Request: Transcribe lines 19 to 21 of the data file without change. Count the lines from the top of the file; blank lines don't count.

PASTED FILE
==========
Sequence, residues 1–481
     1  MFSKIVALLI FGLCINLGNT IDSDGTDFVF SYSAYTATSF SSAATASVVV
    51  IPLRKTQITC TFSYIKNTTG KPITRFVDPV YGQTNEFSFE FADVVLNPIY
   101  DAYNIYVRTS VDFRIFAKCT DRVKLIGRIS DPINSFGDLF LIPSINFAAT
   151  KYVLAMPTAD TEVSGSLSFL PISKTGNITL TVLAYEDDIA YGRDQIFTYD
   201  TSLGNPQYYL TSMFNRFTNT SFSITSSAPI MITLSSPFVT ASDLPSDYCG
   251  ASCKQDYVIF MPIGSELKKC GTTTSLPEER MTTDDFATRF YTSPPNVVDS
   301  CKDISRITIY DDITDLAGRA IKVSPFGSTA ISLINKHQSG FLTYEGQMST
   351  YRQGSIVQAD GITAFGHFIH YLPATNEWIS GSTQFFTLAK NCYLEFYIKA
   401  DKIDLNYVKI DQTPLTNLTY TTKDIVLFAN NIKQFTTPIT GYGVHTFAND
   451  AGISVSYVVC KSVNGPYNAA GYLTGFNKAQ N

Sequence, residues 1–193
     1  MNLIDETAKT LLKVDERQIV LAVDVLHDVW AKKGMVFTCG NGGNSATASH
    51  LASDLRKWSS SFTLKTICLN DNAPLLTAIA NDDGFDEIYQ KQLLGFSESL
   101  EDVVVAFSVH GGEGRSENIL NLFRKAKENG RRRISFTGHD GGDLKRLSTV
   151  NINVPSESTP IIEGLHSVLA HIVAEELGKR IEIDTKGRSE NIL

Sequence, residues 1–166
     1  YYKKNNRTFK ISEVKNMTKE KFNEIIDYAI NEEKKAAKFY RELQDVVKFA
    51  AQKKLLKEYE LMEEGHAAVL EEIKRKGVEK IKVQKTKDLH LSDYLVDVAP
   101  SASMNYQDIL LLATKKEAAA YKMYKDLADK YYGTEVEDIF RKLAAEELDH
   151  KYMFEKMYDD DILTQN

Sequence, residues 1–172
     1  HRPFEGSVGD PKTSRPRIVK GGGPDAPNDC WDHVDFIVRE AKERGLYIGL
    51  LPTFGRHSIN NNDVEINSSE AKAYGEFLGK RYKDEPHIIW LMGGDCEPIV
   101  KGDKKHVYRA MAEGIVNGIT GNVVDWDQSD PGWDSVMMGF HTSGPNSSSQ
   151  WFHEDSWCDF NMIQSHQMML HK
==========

    51  AQKKLLKEYE LMEEGHAAVL EEIKRKGVEK IKVQKTKDLH LSDYLVDVAP
   101  SASMNYQDIL LLATKKEAAA YKMYKDLADK YYGTEVEDIF RKLAAEELDH
   151  KYMFEKMYDD DILTQN